24But the one who had received one talent came and said, “Lord, I knew you, that you are a hard man, harvesting where you didn’t plant, and gathering where you didn’t scatter.Â 25I was afraid, and went out and his your talent in the ground.Â Look, you have what is yours!” 26But the lord answered him, “Wicked and lazy servant!Â You know that I harvest where I haven’t planted, and I gather where I haven’t scattered?Â 27You should have given my money to the bankers, and when I returned, I could have received my own money with interest. â€“ Matthew 25:24-27
I’m interested in knowing just what meets God’s disapproval. We all have our ideas on this, which often involve truly despicable and perverted behavior according to our cultural standards. But sometimes the Bible will shock us and make us stop and think.
This thought was first called to my attention some years ago when I was reading 2 Kings 17:2. It says that King Hoshea did evil, but not like the kings before him. King Hoshea wasn’t as bad as his predecessors. Why should this be significant? If you’re interested in knowing what God disapproves of, you should bookmark 2 Kings 17. It’s the chapter that tells of the exile of the northern kingdom of Israel. Hoshea, the one who was not as bad as, was the king when Samaria was conquered and nation went into exile.
Now Jesus shocks us a bit with a parable. The whole parable runs from Matthew 25:14-30. I’ve just chosen the part when the one-talent servant comes back to report. He’s worried, but at the same time, I think he feels safe. He’s been careful with his master’s money. He hasn’t stolen it. He buried it in the ground and it’s safe. No risk taker here. He didn’t know for sure that he would be successful, so he stayed at home.
But the master has no good words for his care. He isn’t thankful that his talent has been returned well-preserved and unharmed. He doesn’t commend him for taking the safe route. No! He calls him wicked and lazy. He could have, and should have done something!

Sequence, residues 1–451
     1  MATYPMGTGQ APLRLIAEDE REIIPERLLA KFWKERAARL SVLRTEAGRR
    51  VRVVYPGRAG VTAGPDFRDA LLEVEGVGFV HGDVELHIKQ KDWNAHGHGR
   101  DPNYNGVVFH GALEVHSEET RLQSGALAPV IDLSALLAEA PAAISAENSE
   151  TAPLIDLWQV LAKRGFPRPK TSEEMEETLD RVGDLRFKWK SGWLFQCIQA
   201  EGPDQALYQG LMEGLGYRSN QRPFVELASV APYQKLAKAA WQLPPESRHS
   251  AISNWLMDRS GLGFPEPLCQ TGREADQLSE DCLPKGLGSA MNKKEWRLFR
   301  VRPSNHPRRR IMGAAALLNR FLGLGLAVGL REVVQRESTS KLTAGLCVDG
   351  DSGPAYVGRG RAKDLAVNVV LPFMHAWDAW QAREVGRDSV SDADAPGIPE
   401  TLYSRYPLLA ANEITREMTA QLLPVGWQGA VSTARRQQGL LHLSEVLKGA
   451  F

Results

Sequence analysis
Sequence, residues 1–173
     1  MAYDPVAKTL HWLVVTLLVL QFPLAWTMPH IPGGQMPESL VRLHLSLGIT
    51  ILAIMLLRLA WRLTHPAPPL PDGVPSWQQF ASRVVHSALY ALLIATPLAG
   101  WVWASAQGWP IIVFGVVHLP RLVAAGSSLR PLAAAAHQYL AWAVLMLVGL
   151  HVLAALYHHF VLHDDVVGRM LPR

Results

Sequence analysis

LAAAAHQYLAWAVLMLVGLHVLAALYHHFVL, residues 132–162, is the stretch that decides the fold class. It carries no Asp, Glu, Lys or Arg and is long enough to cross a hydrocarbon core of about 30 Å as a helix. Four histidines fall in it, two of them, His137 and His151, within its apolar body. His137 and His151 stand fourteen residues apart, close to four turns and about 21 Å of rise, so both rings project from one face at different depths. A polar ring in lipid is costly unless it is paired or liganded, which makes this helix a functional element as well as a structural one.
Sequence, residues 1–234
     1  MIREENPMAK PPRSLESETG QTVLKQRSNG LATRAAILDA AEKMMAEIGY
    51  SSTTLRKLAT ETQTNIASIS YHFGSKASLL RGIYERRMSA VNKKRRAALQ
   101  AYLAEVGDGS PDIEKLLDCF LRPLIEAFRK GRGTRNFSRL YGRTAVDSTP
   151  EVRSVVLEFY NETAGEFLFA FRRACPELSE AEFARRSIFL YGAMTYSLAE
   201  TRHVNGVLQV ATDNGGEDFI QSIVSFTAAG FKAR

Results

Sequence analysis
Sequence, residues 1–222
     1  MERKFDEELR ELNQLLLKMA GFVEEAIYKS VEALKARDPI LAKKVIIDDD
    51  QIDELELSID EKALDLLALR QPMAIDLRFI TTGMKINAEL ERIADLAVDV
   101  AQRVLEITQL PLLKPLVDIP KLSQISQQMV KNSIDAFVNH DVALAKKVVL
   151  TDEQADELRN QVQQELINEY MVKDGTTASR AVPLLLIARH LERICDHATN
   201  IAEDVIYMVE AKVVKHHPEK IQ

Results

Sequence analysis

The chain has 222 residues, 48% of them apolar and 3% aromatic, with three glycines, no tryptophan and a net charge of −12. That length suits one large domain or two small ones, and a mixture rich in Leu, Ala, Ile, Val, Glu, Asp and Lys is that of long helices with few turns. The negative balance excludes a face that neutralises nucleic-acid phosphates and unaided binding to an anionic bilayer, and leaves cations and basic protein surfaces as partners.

How many of us think like the one-talent man.
- We could have witnessed for Jesus, but we really don’t know how, and isn’t it better not to prejudice them? When the person who really knows how comes along, they’ll be ready to listen.
- I have only one dollar in my pocket, or perhaps a bit of change. I’m not going to put it in the offering plate. The clink of the coins or the sight of that one dollar is too embarrassing when others are giving so much. Besides, what is one dollar against the need? So I don’t put that little bit in.
- A Sunday School teacher is needed, but I’m not going to volunteer because people will think I’m proud and arrogant, and they’ll find out I’m pretty ignorant. The class would be better off without a teacher.
- I could speak an encouraging word, but I don’t really know the person who needs to hear it, and I might say it wrong. So I keep silent.
- That person up at the altar needs someone to pray with them, but I don’t want to seem pushy, and besides, any prayer is fine. I’ll just stay right here and nobody will know.
One talent Christiansâ€”or no talent Christiansâ€”in our own minds. We think we’re being humble, thoughtful, and careful.
Unfortunately for us, Jesus thinks we’re being wicked, lazy, and useless.
This isn’t about doing big things and great things. It’s not about doing what everyone else thinks you should. Other people can burden you with things God hasn’t called you to do. Jesus is talking about the talents he gave you.
I think that if you listen for the Holy Spirit, you’ll know when you’re truly being wise and careful, and when you’re busy hiding that talent in the earth.